What makes a rational house?
When this whole house business bloomed in early summer we thought we knew exactly what we wanted in our future house. We wanted at least three bedrooms (preferably a fourth bedroom for guests/crafts), a family room and a rec room, a fireplace or wood-burning stove and a larger yard. All this while managing to stay in the same high school district.
Mind you, we originally had no intentions of moving this year, so our current house (multi-story, American Foursquare) would just have to do. That meant that for a few more years we'd all shuffle routines to make the one bathroom work, the girls would continue to share a room (the third bedroom is quite small while their current room is ginormous), and our gardening dreams would be limited by the urban-ish green spot that is our yard.
But the house that originally got us into the moving spirit had all our above requirements, plus was sporting a flexible timetable and what was, at the time, a very pretty price tag. And so we shifted house-selling plans into high gear and put our house on the market.
But things with the potential house changed; poor communications, misunderstandings and delays. We started looking at other houses for comparison. By the time paperwork was drawn up on the original house it had become glaringly obvious that the asking price was far higher than the property was worth.
And so we did not complete a contract on the property.
What to do? After much nail-biting and lengthy pro-con lists we decided to keep our house listed on the market and (thanks to generous personal financiers) were able to continue looking at prospective houses. Many of the showings we visited during those first few months met our above criteria; bungalows with additions, ranches that stretched and grew. Many rooms, many options, but nothing ever grabbed us in a way that made us think that it was The One. After looking at house after house without getting any further in the process, TMOTH and I started to do some soul searching.
This entire year - the whole point of the rationing project - has been an exploration of wants vs. needs, experiencing what it is like to live our values (or at least give it an honest try). When it came to houses, what would be enough? What would fit our needs? Which of our wants were reasonable? What kind of house would allow us to live more in line with our values of environmental responsibility and sustainable practices?
What was really important?
Reexamining our current house with these thoughts in mind we discovered that, for the way we live, there are several areas of wasted space; we rarely use the kitchen nook, the spare bedroom and the gorgeous (but excessive) grand entryway. But not all space is bad - a large kitchen is important because of the amount of from-scratch cooking and home canning we produce. And a large yard would allow us to grow more of our own produce and possibly provide space for chickens(!).
Sharing bedrooms and bathrooms can be an inconvenience, but heating, cooling extra space can be very inconvenient to your pocketbook. And think of all the cleaning required for that unnecessary space.
After examining our lifestyle and exploring how we really want to live, our 1600+ square foot house seemed...too big. That's not to say that a different family with different habits couldn't justify use of all these spaces. But it became clear that what we needed was a two-to-three bedroom house just big enough for family gatherings but not so big that we would all start living independent lives in separate corners of the dwelling. We needed a big kitchen and a larger than average sized bathroom (to make sharing easier).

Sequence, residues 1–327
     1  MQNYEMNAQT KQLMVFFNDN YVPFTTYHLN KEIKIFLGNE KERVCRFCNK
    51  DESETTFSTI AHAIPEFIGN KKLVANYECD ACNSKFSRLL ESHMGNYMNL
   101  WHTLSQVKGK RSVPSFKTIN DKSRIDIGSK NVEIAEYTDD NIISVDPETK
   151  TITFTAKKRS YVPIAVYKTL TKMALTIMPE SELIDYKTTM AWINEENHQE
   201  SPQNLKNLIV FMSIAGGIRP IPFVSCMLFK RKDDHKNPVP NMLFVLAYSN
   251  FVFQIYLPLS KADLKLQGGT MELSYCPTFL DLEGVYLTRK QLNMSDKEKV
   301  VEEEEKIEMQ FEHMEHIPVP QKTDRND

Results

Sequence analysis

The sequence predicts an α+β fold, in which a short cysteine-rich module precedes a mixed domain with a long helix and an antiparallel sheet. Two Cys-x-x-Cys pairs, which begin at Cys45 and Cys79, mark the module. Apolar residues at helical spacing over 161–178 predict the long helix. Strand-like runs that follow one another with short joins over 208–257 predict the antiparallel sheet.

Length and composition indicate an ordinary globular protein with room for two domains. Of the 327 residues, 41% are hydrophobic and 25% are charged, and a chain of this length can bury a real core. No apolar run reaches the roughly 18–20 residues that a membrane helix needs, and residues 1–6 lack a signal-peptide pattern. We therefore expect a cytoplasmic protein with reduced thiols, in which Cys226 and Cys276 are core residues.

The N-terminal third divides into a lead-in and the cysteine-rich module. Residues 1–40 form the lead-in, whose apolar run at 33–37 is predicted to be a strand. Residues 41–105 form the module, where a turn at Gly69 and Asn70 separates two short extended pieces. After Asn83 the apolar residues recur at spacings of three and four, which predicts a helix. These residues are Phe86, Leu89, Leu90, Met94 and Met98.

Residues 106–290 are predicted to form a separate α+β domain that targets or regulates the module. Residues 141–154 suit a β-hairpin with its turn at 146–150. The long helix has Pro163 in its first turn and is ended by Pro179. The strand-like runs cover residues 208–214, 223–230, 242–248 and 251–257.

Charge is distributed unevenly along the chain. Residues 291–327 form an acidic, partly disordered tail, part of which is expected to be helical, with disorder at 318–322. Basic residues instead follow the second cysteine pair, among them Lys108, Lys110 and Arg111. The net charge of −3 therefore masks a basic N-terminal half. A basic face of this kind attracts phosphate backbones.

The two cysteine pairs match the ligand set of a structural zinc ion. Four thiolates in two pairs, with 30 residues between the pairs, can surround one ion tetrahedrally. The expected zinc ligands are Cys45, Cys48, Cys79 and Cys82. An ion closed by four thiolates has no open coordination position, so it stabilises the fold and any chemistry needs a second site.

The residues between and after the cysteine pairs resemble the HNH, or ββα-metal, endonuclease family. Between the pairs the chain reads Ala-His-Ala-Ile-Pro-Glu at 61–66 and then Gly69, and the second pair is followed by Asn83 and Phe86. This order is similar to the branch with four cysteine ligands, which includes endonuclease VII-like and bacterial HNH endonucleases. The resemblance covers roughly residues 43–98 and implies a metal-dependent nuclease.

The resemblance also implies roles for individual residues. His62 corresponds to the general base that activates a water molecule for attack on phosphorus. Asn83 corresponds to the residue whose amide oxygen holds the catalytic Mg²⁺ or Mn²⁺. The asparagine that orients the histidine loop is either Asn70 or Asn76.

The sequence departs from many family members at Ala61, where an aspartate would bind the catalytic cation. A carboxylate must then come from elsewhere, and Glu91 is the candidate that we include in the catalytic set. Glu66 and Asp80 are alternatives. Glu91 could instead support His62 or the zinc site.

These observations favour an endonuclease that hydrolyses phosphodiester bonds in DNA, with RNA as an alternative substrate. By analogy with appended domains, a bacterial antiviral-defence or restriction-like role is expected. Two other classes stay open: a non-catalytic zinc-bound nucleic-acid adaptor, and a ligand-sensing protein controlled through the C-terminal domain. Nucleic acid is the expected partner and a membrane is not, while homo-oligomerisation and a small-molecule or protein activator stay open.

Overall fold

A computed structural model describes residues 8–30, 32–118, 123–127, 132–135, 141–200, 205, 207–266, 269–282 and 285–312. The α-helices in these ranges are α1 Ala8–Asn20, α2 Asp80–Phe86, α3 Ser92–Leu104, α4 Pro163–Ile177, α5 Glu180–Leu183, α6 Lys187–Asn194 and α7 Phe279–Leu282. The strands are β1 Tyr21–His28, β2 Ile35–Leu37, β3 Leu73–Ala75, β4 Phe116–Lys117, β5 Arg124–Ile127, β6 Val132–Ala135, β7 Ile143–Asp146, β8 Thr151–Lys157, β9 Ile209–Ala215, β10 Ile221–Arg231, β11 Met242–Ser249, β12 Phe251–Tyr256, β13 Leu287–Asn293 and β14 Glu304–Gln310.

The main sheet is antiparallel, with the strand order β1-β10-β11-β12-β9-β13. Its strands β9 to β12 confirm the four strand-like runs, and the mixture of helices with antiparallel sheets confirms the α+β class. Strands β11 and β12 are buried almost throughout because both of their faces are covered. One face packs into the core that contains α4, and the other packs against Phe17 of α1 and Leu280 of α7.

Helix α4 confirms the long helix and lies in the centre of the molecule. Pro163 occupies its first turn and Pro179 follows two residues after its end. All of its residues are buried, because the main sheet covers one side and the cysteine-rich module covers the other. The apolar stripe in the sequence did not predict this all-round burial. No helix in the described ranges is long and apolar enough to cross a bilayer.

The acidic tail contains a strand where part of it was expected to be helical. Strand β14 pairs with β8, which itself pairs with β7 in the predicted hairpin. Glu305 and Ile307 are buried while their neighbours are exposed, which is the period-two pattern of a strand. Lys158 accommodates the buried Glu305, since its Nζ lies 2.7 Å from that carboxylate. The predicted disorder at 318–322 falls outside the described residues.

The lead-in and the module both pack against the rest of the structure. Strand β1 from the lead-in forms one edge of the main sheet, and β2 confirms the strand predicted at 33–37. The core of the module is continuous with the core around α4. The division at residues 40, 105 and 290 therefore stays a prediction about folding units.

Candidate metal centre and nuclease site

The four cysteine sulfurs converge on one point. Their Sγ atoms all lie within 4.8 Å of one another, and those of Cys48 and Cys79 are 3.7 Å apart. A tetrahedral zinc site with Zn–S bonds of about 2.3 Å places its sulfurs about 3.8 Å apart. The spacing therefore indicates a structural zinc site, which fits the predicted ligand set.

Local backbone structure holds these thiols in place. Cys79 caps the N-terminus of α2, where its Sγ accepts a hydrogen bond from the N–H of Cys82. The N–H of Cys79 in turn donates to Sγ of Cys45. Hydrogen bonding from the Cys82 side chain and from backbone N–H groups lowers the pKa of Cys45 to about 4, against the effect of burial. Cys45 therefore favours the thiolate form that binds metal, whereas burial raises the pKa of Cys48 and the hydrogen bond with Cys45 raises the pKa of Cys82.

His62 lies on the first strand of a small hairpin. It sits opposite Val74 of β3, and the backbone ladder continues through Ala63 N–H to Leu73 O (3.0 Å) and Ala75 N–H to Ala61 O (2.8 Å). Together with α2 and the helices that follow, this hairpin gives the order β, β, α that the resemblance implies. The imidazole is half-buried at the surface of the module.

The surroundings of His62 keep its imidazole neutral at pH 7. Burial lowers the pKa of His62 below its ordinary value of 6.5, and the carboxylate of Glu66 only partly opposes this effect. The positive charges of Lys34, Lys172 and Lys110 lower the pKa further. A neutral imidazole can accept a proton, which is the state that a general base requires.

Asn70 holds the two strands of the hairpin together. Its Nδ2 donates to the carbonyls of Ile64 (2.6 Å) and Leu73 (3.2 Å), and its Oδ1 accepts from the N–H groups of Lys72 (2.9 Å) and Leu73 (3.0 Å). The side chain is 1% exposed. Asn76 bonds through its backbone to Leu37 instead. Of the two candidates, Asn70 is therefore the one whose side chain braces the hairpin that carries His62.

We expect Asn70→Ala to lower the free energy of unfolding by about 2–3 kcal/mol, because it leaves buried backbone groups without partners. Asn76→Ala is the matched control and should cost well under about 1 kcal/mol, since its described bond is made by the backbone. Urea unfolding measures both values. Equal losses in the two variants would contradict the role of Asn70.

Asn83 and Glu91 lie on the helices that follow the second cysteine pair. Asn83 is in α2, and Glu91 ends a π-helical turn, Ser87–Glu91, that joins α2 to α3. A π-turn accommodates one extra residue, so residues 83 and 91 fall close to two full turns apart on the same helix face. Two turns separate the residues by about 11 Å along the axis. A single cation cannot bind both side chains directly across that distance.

We wanted enough of a yard to expand our gardening and raise chickens (but not too big of a yard that would require extra hours of maintenance). We wanted a single-level house to make exterior work (siding, roof, gutters, etc.) manageable and that would be friendly to our future aged and arthritic knees.
And we were willing to go outside of our current school district to find it.
Just before Thanksgiving we found it, quite by accident. The girls and I were headed to a realtor-run open house and passed by a "for sale by owner" property that was also having an open house; a smallish house with a little bit of land. Our intended destination, on the other hand, was a biggish house on smaller land.
The girls and I ditched the original open house for the FSBO and found The One.
At just under 1000 square feet, the two bedroom, one (large) bathroom house is efficiently designed and immaculately maintained. The basement has a finishable area for a rec room and the two care garage includes a small workshop area. The 2.58 acres(!) of land encompasses a dry creek/wooded area, an established garden, chicken coop and pasture land.
And so, all the pretty papers have been signed with a closing date of late February. And now the pressure is on to get our current house sold.
We know not everyone will agree with the decision we've made. Downgrading into a smaller home requires compromise, but it also follows historical example; in the 1950's the average size of an American home was 1,000 square feet, whereas today typical new homes are over 2,000 square feet. During the same time period the size of the American family decreased from three to four members down to two to three. So, as family size decreased home size increased. Does this really make sense?
Even with the anxiety of moving and getting our house sold there is a certain peace at the same time. The new house will be our rational house - not too big, not too little. Big enough to hold our love, small enough to wrap our arms around.
Let the dreams begin.
P.S. For more about living in smaller homes visit Living in Small Houses, Planet Green or Google "small living" or "living in small houses."